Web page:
Leaders must complete the reflection cycle in order to plan for their personal and professional growth and improvement. Doing so will allow them to lead others to growth and improvement, as well.

Communication

Let’s return to Marzano for a moment. In his book, What Works in Schools (2003), he stated that parent and community involvement is a critical component in school improvement. Within this component, he determined that communication was one of three features of parent and community involvement, and one that the school leader is able to have influence over. So, how are you as a communicator? I know, everyone thinks that they are pretty good when it comes to communication, but how would others rate you?

Often, communication is one of the most cited problems in schools. Why is this? I believe that the answer to this question lies in what we believe communication to be. What do we mean by communication? According to Lunenburg and Ornstein (2004), “The communication process involves the exchange of information between a sender and a receiver” (p. 210). Therefore, communication is a two-way process. One way is how the sender sends the information. The next is how the receiver receives and decodes the message sent. These authors further described the communication process as a series of steps including: developing an idea, encoding, transmitting, receiving, decoding, and acting. Within this process, the sender develops the idea, encodes the information and transmits that information to the receiver. After transmission, the receiver receives, decodes, and acts upon the information sent. After acting, feedback is provided to the sender.

So, have you ever thought that all of these steps are taking place when you communicate? How well do you participate in the process as both a sender and receiver? You have to know a little about your style of communication and how good a listener you are.

Participation

What do you believe parent and community members should do to participate in schools? Should they only be at the school to serve as a room mother or volunteer to do bulletin boards, or do you feel that parent and community members could have a valuable impact upon the students in your school? What do you feel is the role of the school and the school leader especially to encourage parent and community involvement?

Again, we find that parent and community involvement is imperative if we are to improve schools (Marzano, 2003). This being the case, you, as a school leader, will need to understand your own feelings and philosophies about parent and community involvement in order to develop a plan for their participation in your school.

Governance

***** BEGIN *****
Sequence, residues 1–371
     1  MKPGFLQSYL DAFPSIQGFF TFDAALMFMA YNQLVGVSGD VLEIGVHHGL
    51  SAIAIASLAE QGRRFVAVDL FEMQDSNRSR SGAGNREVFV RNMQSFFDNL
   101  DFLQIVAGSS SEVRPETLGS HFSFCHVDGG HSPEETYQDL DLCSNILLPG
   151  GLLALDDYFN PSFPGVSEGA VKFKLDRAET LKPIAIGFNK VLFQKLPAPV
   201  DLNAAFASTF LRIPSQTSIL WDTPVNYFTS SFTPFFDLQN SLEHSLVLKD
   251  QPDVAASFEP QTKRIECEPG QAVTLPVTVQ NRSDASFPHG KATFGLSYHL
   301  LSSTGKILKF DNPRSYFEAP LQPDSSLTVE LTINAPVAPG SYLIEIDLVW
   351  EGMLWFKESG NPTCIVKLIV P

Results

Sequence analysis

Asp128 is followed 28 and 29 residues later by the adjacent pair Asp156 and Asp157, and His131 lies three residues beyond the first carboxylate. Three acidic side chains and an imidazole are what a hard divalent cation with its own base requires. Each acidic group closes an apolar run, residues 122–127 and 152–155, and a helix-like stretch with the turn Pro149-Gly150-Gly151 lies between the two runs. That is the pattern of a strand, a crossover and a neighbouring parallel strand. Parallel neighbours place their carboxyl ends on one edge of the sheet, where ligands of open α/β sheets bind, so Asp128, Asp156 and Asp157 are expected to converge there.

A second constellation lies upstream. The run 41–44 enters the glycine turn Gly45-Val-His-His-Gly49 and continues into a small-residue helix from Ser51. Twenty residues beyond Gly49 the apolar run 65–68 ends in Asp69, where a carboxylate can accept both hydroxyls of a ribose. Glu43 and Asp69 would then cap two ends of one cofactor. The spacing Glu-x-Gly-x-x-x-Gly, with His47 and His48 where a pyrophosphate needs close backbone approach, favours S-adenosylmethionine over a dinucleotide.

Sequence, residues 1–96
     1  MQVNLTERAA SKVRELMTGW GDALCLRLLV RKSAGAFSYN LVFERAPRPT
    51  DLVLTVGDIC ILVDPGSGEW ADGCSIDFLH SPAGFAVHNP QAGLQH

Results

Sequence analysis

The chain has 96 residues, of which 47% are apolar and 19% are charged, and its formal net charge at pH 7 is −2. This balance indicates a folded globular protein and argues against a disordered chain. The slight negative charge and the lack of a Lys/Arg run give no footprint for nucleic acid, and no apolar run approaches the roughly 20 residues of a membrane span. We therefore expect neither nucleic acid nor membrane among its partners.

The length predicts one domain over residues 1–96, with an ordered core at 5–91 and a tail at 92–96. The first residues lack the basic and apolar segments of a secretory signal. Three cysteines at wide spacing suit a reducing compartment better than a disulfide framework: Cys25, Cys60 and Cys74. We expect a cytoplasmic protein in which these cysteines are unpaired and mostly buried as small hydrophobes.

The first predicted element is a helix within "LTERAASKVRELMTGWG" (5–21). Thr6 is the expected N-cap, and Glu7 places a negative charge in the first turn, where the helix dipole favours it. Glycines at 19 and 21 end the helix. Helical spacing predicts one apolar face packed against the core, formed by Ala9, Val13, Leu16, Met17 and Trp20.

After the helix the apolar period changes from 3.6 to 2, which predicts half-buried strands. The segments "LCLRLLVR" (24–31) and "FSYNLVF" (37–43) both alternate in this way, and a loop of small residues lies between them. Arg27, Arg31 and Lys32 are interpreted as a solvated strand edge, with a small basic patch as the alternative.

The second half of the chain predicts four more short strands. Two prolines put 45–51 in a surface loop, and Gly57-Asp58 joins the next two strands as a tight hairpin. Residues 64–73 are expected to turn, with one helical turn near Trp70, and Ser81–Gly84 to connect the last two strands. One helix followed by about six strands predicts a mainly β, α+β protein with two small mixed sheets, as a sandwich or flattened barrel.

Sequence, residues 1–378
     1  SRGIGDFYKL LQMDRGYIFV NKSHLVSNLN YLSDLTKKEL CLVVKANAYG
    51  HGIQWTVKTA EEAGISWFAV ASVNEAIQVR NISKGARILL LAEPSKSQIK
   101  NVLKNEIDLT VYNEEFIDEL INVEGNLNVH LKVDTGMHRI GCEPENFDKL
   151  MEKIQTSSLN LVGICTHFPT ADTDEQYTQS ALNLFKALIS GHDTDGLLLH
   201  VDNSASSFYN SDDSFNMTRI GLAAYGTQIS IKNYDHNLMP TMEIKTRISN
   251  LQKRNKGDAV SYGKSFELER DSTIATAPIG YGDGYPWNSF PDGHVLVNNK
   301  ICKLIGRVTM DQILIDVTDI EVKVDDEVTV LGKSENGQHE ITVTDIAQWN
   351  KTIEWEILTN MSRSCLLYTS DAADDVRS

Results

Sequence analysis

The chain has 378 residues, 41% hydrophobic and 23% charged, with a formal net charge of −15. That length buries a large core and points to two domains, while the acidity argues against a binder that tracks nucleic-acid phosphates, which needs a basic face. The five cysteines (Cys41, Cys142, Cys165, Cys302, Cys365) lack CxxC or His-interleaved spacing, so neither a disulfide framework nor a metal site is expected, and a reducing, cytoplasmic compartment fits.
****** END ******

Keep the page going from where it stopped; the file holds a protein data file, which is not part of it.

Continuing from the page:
Part of the ability of parent and community members to participate in schools relies upon the beliefs and philosophies of the school leaders concerning governance issues in the school. Does the governance system that is in place encourage parent and community participation in decision making? Does the school value the opinions and ideas of parents and community members? Most importantly, how do you feel about parent and community involvement in your decision making process? The times of the principal managing the school and having all the answers are long gone. Effective schools leaders have the help and encourage the help of all stakeholders in the decision making process. In order to be effective, you will have to do so. Ubben, Hughes, and Norris (2004) have stated that “The principal’s role as a community relations expert has expanded and pressures have mounted for more effective ways to communicate with the ‘publics’ comprising the school community” (p. 318). You, as the school leader, will have to become a community relations expert and help to develop a system of governance in your school that will encourage public participation in the school.

Conclusion

We have seen that parent and community involvement is a characteristic of schools that are having success. Leaders of these schools must realize this fact and become experts at communicating and encouraging participation of all stakeholders in the school community. You will have to come to an understanding and realization of your personal and professional philosophies of leadership, communication, participation, and governance of the school system. Being a reflective practitioner is one way to help you grow both personally and professionally to meet the goals, values, and objectives that you set for yourself and your school.

Working with the Material

I would like for you to complete a few short assignments to help you in coming to terms with your philosophies and beliefs concerning parent and community involvement and relationships.

  1. Take the Communication Style Survey, developed by Gower training and can be found at http://www.gowertraining.co.uk/pdf%20files/comquest.pdf, and analyze your findings.
  2. Take the Listener Survey, developed by Karen Zupko & Associates and can be found at http://www.karenzupko.com/CourseAlumni/plastics/ListenerSurvey.pdf, and analyze your findings.
  3. Use the steps in the Reflection Cycle and write a reflection for each of the following areas: communication, participation, and governance. Select artifacts that demonstrate how you have met each of these areas and write your reflection concerning these artifacts.
  4. Based upon your findings from the surveys and the reflections that you have written, write your philosophy of leadership in parent and community involvement and relationships. What is your vision for the school in relation to parent and community involvement? What do you believe your role to be in this endeavor?

References

Brown, G., & Irby, B. (2001). The principal portfolio (2nd ed.). Thousand Oaks, CA: Corwin Press, Inc.

Lunenburg, F., & Orstein, A. (2004). Educational administration: Concepts and practices (4th ed.). Belmont, CA: Wadsworth.

Marzano, R. J. (2003). What works in schools: Translating research into action. Alexandria, VA: Association for Supervision and Curriculum Development.

Ubben, G., Hughes, L., & Norris, C. (2004). The principal: Creative leadership for excellence in schools (5th ed.). Boston, MA: Pearson Education, Inc.